It’s morning. You just spent the night in a sleeping bag, counting stars until you nodded off. Dawn’s golden light fills the forest, nature begins to stir. You feel the first pangs of hunger, reach for your breakfast and prepare to sink your teeth into…a plastic-wrapped granola bar.
Kind of ruins the moment, doesn’t it?
Take back your morning with The Campfire Bacon Egg and Cheese, a harmonious mélange of salty, gooey, porky goodness, cooked in cast iron over an open flame.
Of course, this kind of advanced breakfasting requires a bit of technical know-how. So we tapped an expert, Mark Bollman. Camper extraordinaire and CEO of American-made outfitter Ball and Buck, Mark’s been cooking his signature one-pan BEC for years. So we headed up to his Berkshires campsite for a hands-on tutorial of his masterful sandwich artistry.
“Keep your eyes peeled for slow-burning hardwoods”
First things first: fueling the fire. We need to source the proper wood for the job. Mark’s advice, “Keep your eyes peeled for slow-burning hardwoods”—like an Oak, Ash or Sassafras. These are going to be the best bet for establishing a base of warm coals to cook over.
Remember, fire means smoke. And smoke has a flavor of its own. “The fire’s going to naturally kick off smoke. You can’t fully control it. So you get, whether you like it or not, a much more intense smoke flavor,” Mark says. “But you know, what doesn’t kill ya.” Makes you stronger? You bet.
“When I’m sitting in the kitchen, I can do the bacon then sit it on a plate to rest, so it’s not going to get as cold. I have a toaster oven for the English muffin. It’s just much easier to stage,” Mark says, elaborating on the difference between cooking at home versus the great outdoors. “You have to be a bit more calculated and efficient with everything out here.”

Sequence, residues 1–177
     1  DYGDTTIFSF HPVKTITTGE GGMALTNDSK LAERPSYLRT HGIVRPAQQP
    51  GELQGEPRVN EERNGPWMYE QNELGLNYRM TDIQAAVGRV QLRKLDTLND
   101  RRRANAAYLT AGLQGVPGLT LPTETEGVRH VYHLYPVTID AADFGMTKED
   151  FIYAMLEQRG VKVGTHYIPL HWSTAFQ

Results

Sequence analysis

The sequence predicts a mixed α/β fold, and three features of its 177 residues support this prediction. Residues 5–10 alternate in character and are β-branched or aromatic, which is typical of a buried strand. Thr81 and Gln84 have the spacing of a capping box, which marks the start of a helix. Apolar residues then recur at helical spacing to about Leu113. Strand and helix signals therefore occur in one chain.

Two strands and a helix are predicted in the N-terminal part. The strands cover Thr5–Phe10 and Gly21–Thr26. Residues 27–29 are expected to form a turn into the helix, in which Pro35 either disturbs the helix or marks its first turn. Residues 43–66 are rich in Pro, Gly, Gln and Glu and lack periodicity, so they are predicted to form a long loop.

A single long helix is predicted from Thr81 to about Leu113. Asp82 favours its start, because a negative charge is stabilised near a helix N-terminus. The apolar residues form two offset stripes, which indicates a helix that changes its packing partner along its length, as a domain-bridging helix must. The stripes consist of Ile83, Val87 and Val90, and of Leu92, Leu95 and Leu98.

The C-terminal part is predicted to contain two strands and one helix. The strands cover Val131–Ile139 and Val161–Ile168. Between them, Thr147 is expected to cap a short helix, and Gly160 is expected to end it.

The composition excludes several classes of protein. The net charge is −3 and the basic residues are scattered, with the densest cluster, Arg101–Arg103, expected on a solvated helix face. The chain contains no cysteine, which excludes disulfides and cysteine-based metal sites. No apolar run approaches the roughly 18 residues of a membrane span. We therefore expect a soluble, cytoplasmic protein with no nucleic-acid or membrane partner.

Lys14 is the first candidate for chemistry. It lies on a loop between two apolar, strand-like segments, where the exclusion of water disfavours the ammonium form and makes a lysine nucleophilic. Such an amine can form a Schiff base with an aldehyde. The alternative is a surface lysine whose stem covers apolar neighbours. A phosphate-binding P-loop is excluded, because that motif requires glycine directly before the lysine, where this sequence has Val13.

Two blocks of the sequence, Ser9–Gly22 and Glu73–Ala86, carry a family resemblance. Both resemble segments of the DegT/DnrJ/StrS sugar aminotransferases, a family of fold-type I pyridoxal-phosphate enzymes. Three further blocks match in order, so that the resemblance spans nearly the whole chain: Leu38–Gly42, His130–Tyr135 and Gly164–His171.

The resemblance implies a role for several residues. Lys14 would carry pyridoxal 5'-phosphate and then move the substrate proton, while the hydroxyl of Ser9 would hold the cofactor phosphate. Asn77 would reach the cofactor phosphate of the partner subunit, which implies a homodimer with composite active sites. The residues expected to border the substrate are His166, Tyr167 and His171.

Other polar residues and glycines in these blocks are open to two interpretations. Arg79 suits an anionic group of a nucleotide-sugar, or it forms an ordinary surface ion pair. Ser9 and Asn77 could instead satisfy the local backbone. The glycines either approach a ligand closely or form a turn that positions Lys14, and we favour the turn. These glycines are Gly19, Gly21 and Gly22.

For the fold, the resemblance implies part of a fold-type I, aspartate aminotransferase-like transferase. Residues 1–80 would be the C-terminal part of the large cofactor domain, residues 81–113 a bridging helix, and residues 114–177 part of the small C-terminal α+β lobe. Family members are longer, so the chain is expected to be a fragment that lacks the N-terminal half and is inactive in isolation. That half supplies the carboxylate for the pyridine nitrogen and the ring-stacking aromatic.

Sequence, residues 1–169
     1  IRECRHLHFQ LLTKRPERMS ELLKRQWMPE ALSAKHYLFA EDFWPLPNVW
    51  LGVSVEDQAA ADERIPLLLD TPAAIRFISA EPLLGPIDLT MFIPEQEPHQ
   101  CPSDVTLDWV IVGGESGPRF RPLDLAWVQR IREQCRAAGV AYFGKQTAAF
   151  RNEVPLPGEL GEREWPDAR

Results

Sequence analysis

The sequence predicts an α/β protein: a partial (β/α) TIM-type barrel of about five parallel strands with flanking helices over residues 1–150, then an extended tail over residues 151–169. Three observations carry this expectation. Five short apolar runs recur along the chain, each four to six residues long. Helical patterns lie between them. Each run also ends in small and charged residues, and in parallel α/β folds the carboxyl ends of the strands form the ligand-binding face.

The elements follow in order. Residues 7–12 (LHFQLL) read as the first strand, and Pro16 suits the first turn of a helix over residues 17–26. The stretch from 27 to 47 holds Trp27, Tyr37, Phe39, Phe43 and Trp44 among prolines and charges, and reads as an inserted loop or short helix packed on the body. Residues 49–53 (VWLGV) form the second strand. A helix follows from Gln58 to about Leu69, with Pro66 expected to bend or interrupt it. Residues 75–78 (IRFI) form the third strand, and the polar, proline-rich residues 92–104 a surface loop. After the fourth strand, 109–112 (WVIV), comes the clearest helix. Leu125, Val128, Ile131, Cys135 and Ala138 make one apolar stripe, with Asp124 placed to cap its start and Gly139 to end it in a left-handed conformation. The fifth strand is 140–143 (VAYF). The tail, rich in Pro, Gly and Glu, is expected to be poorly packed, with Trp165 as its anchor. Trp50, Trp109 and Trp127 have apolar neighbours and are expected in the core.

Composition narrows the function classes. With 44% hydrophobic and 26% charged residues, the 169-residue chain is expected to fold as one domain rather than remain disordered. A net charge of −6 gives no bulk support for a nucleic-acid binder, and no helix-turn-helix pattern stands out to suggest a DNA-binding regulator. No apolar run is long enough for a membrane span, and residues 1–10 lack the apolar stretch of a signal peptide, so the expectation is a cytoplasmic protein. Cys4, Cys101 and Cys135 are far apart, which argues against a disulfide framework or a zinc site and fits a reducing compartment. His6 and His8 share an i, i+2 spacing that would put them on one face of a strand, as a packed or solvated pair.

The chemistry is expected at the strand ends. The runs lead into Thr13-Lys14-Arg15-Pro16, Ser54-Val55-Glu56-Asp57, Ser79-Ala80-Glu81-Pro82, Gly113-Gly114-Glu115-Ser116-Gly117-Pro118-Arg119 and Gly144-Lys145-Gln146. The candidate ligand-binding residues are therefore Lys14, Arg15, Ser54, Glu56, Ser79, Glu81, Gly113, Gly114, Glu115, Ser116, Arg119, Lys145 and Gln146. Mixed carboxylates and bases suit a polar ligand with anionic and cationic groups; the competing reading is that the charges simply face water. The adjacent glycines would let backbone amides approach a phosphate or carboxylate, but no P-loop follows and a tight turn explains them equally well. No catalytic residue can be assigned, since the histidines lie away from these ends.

The major difference is time. You won’t see this recipe quote exact measures of minutes or seconds, because the temperature of an open fire will fluctuate and is, by nature, unpredictable. “A stove will hold the same exact temperature infinitely; fire is probably never going to maintain a temperature. It’s a much more engaged process for sure,” Mark says.
“It’s a much more engaged process for sure…”
The fluctuating heat source is what makes a cast iron skillet key. Unlike steel, cast iron will more evenly distribute heat across its surface, and will also retain heat for longer.
But when you’re cooking a whole meal in a single vessel, space management is key. You’ll want to keep one edge of the pan closer to the fire to serve as a hotter cooking area, and one edge farther away to serve as your warming area.
“The biggest challenge is going to be cooking different things, at different speeds, at different temperatures and keeping them all warm enough, without mixing the ingredients,” Mark explains. “So you want to get the bacon done first because it’s raw meat. Once that’s done, you can layer the other items in at the same time.”
The Campfire Bacon Egg and Cheese
- Pinch of red pepper flakes
- Pinch of rosemary
- 1 large egg
- 1 English muffin
- 1-2 strips of thick-cut bacon
- 1 slice of American cheese
- Salt and pepper to taste
- Cast Iron Skillet
- Machete (optional…but enthusiastically recommended because, really—who passes up an excuse to go full Crocodile Dundee?)
- Build your fire.
- Allow it to burn long enough (typically 10-15 minutes) to establish a coal bed.
- Place several large pieces of wood over the coals.
- Rest cast iron skillet on top of wood.
- Add bacon to the inner edge of the skillet closest to fire.
- Once browned, move bacon to outer edge, furthest from the fire.
- Crack egg over inner edge of the skillet.
- As the egg cooks, warm closed English muffin in the outer edge of the cast iron, next to resting bacon.
- Flip egg with machete (“carefully,” Mark advises) and top with cheese.
- Open the muffin by hand and toast it over open flame.
- Layer your breads, meats and cheeses.
- Get on in there.
“You have to be a bit more calculated and efficient with everything out here.”